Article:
What do you think?

Posted by sjbrooks_young at 4:49 PM PDT
Wednesday, 22 September 2004
Bloggers to Blame
Topic: Getting Started
I heard a news report yesterday. It had to do with CBS and the 60 Minutes broadcast about Mr. Bush and his National Guard service. During the broadcast it was stated that CBS had rushed to air the show because of bloggers! Something about news reporters being scooped too often by personal blogs and arguing that blogs are changing how stories are researched and verified prior to airing. There was also talk about how bloggers don't have to verify their postings because someone else will get online and make corrections for them! Suppose this would translate into how teachers and students deal with blogs?

Posted by sjbrooks_young at 8:44 AM PDT
Monday, 20 September 2004
Defining the Blog Audience
Topic: Classroom Blogging
In line with what I wrote Saturday, I'm thinking that when teachers and students define the audience for their blog, it accomplishes a couple of important things. First, it's possible to chose an audience that's on-site, off-site, or both. In a classroom setting some accountability can then be incorporated for students so that they don't simply posting on their own blog, but also read and respond to the blog(s) they have been invited to participate in. Second, privacy and security is a concern for many administrators. By limiting audiences, some or all of these concerns can be addressed.

I heard Alan November speak at a conference in CA a year or so ago. At that time, he was interested in Web sites where people post their writing and get reactions from other readers. Not so much on grammar or spelling, but on the content of the piece. He also talked about teachers at different sites teaming up to swap and grade student essays. I think blogs could be used to accomplish both tasks. Especially in the case of the writing sites. The few I looked at included material that would never fly in a district. I realize that kids are exposed to this stuff on a regular basis, but I don't think that educators can recommend or use them in class.

Posted by sjbrooks_young at 3:37 PM PDT
Saturday, 18 September 2004
The Nature of Blogs
Topic: Classroom Blogging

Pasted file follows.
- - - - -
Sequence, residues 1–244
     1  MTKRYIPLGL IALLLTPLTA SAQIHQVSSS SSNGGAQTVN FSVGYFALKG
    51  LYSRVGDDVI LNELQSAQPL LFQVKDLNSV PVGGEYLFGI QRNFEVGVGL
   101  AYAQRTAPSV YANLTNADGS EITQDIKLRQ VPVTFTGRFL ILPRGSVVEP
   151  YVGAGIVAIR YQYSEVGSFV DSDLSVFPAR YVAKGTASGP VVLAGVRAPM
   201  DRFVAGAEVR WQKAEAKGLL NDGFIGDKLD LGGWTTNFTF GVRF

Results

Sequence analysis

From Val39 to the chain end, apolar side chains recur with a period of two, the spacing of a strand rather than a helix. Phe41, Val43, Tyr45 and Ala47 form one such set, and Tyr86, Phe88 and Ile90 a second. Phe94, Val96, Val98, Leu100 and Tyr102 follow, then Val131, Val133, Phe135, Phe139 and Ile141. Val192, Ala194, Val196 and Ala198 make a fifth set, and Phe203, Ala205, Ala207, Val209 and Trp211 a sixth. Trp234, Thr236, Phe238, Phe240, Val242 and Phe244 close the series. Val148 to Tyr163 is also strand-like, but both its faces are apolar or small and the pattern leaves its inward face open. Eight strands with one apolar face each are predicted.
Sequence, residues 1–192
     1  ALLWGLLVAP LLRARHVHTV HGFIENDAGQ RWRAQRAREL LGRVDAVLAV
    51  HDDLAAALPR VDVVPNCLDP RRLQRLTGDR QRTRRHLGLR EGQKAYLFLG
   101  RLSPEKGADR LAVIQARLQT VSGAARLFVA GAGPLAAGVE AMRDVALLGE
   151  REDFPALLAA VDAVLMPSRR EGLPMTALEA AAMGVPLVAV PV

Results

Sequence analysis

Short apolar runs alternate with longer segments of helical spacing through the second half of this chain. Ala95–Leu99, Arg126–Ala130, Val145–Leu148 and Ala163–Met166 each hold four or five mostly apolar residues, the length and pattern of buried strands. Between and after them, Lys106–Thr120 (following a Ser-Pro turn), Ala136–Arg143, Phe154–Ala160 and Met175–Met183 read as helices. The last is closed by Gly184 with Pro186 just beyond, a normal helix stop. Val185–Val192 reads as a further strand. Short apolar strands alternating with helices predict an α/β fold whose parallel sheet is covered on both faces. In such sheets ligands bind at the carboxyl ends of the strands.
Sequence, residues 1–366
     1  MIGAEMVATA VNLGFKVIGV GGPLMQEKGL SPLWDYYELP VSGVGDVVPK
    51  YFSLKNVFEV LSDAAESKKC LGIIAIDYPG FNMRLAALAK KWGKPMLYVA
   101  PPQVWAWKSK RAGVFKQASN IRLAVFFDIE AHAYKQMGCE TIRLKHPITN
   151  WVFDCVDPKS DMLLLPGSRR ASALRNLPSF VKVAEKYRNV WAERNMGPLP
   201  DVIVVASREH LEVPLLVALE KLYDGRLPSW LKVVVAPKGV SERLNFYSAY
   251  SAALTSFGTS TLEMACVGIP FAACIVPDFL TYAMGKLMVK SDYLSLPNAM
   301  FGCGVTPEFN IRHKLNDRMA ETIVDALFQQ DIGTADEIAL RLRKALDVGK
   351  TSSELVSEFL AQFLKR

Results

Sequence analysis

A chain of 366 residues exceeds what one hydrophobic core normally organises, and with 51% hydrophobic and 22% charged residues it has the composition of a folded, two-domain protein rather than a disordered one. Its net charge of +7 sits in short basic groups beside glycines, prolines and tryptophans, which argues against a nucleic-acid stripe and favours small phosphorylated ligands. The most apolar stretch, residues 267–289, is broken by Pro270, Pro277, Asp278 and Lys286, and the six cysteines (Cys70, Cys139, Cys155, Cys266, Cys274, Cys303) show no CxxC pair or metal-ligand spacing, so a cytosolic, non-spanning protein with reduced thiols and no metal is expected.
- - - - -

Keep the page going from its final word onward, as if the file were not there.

It's been interesting for me to follow my Web site reports since I started this blog. It's getting anywhere from 50 to 400 views per day, and yet comments from readers are very limited.

And so, while there's clearly an audience beyond my little cabin office, I have very little information about who it is or why they're looking. I wonder if this is typical. The studies I read earlier talk about the percentage of people who've created blogs, the percentage of people who've read blogs written by others,and even the frequency of posts by the original blogger, but I haven't seen anything about how often readers respond.

I'm thinking that if what's happening here is typical, then perhaps it's important to reconsider the argument that it's good for students to write for a larger audience. It may be gratifying for them to have many readers, but if no one responds, where's the value?

Posted by sjbrooks_young at 9:26 AM PDT
Friday, 17 September 2004
Teacher Blogs
Topic: Classroom Blogging
I had a note today from a principal who wants his teachers to move from telephone Homework Hotlines to an online means for posting assignments and messages to parents. A few weeks ago, I might have suggested a simple Web page, but now I'm thinking a blog would be a better alternative. I know that Tim's teachers are blogging notes home weekly and that Pamela Coates' teachers at Butlerville are using blogs instead of Web sites. It would be helpful to have some other examples, especially at the middle and high school levels.

Posted by sjbrooks_young at 3:57 PM PDT